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Suppose that $f, g$ are functions from the positive integers to the positive reals. Under what circumstances will $\log f(n)=O(\log g(n))$ imply $f(n)=O(g(n))$?


It's easy to see that this isn't always true: If $f(n)=3^n$ and $g(n)=2^n$ then we know that $3^n\notin O(2^n)$, but taking logs gives $\log3^n = n\log 3$ and $\log 2^n=n\log 2$ and it's obvious that $n\log 3=O(n\log 2)$.

The reason is also clear: If there exists a $c>0$ such that $\log f(n)\le c\,\log g(n)$ then all we can say is that $f(n)\le (g(n))^c$, which won't necessarily allow one to conclude $f(n)=O(g(n))$. When, though, can we correctly make the inference?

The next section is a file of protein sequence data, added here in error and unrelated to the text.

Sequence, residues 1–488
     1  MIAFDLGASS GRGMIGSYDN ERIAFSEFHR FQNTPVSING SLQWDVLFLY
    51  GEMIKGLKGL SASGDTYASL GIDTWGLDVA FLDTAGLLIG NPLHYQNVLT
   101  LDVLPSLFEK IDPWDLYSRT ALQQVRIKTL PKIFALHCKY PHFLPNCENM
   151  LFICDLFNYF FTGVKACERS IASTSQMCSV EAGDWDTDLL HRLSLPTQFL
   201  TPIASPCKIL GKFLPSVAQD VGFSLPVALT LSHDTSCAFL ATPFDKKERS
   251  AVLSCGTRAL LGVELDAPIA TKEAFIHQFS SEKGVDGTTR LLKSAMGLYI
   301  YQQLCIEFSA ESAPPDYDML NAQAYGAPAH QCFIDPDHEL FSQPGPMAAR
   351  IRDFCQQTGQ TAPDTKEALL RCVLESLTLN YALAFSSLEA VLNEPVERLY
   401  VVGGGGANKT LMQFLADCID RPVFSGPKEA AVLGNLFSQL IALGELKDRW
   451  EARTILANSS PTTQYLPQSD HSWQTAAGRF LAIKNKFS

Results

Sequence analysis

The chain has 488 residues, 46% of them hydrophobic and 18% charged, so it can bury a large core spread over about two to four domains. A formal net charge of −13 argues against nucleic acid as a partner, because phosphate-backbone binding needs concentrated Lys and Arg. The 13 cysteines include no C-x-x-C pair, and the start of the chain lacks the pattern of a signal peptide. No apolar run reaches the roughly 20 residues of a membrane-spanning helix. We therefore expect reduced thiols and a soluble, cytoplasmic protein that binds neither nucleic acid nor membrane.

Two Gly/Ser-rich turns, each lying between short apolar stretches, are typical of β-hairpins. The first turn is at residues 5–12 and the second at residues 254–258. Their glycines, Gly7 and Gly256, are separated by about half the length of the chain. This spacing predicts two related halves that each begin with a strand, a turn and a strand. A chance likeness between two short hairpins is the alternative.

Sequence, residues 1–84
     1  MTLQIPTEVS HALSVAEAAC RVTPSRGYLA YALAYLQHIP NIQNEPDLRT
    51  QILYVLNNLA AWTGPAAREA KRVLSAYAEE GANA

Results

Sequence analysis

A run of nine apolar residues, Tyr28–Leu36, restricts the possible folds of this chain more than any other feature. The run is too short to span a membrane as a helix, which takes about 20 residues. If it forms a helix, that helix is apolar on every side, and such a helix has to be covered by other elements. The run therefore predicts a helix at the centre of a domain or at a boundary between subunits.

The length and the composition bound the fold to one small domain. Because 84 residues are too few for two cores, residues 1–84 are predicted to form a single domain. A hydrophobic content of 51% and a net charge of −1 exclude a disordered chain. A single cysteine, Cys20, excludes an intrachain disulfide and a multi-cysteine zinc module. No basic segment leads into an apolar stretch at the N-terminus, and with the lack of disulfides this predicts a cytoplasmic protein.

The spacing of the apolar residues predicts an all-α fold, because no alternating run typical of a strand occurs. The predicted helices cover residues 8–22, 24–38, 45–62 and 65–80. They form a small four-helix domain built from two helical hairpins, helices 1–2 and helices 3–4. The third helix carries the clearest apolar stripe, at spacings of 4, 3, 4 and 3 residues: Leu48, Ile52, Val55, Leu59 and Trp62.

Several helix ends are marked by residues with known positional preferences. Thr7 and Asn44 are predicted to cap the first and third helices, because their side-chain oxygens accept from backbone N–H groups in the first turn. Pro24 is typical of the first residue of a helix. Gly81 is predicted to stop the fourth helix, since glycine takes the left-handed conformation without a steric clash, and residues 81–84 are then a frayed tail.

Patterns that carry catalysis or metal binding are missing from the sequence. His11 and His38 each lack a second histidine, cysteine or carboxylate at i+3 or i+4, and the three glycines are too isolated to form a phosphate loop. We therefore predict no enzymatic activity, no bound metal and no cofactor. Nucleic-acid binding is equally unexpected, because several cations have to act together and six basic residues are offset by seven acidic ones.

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  • $\begingroup$ Just to make sure it's clear, the statement $f(n) = O(g(n))$ is equivalent to the statement $\log f(n) = \log g(n) + O(1)$ because $c_1\cdot e^x = e^{x + \log c_1} = e^{x + c_2}$ for some constant $c_2$. $\endgroup$ – usul Mar 11 '15 at 3:46
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It is at least sufficient to have $\log f(n) \in o(\log g(n))$. This gives us that for sufficiently large $N$, we have $\log f(n) \leq \log g(n)$ for all $n > N$.

Hence immediately we have that for $c=1, n > N$, $f(n) \leq c\cdot g(n)$ and ergo $f(n) \in O(g(n))$.

This also suggests the condition that if we have that $\log f(n) \leq c\cdot \log (g(n))$ where $c \leq 1$ for sufficiently large $n$, then we also get $f(n) \in O(g(n))$.

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